DB and I headed out later than planned. Just an hour in to our two hour trip we were heading West in to a quickly setting sun. Chasing daylight did nothing to soothe my frayed nerves or a belly sick with anticipation. We were headed to small town on the coast of Washington state. The trailer we were going to view as a 1987 Circle J straight haul, silver with a black stripe. At the price they were asking I could afford to strip the trailer down to bare bones and still come out ahead. The problem was, at the price they were asking I knew I had to buy outright tonight or it wouldn't it wouldn't be there in the morning. I had my ducks in a row, I had bought insurance and a new hitch, went to the bank for US cash and put together a package of our e-mail exchanges as well as a print out of the craigslist ad so that I could prove the trailers purchase price at the border. I had spent so much time trying to make sure that I would get the chance to see the trailer, that I could buy the trailer and that I could import the trailer that it wasnt until I was in the truck and halfway there that I realized I hadn't actually stopped to consider if I wanted the trailer. I also realized that I hadn't seen a picture of the left side or backend and I hadn't really asked much about the damn thing either. DB was going to kill me if we had driven all this way to see a piece of garbage. What had I gotten myself in to?
The sky had turned a soft lilac by the time we pulled up to a small home set back in the woods. On the left of the drive was a pretty black and white Paint gelding, to the right, a sliver and black Circle J. Forgetting my manners, I jumped out and quickly circled the trailer. I looked back at DB. He cocked an eyebrow and asked, "Well?" I thought about playing it cool but there was no holding back the smile I felt blooming outward from deep in my heart. A huge smile and a quick nod and he knew I was sold.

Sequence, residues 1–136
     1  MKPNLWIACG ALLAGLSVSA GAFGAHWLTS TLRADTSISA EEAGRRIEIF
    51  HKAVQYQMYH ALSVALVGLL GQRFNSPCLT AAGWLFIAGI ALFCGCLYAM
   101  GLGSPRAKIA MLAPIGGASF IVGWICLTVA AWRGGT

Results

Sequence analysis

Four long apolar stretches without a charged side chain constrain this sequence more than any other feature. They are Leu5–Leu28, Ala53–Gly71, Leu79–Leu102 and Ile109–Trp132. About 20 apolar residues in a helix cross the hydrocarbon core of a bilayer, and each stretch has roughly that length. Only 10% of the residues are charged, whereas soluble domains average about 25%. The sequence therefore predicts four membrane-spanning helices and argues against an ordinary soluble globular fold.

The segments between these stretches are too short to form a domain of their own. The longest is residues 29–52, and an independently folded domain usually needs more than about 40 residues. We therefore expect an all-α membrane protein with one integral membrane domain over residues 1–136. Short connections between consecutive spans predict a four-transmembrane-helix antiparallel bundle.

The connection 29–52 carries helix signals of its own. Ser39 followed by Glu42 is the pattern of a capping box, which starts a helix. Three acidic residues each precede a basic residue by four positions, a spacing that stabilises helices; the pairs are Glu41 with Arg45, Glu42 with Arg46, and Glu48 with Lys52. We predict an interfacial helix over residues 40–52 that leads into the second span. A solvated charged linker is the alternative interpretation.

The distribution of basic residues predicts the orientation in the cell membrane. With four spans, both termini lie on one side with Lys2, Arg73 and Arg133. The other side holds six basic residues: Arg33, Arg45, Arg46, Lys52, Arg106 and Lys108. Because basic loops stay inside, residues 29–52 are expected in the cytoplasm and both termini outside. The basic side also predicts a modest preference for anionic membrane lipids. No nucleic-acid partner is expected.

The lady who answered the door was small and sharp bones with warm blue eyes. Her husband had a white beard and slow and easy way about him that was instantly endearing. We talked about the trailer, its history and I did a more thorough walk around. We filled out the paperwork by the light of the moon. I paid them cash. A small sum for the quality of the trailer. Afterward, we stood about talking. What we learned was that this kind man had lost his job last year. They were selling the trailer to help out with bills. Standing there in the cool evening air, listening to them speak positively of life changes, of putting in vegetable beds and downsizing to a smaller property, I learned something I hope I never forget. To indulge my thrifty Scottish nature by taking advantage of a depressed marketplace... well, that's one thing in theory... but to meet those nice folks and put a face to that economical reality, well that's something else entirely. Behind those "good deals" are people who are giving up what they worked hard to earn. That "deal" can come at a cost that should never be ignored or disrespected. I had expressed to them how buying this trailer was a dream come true. She said that it had been for her too and wished me the best of luck with it. I could tell by her eyes she meant it. I could feel it in the warmth of her hug.
I hauled the trailer home that night comforted not by the fact that I had gotten a good deal but instead by the sincerity of their good will. I got my trailer. I will cherish it. But I think the life lesson that came with it was far more valuable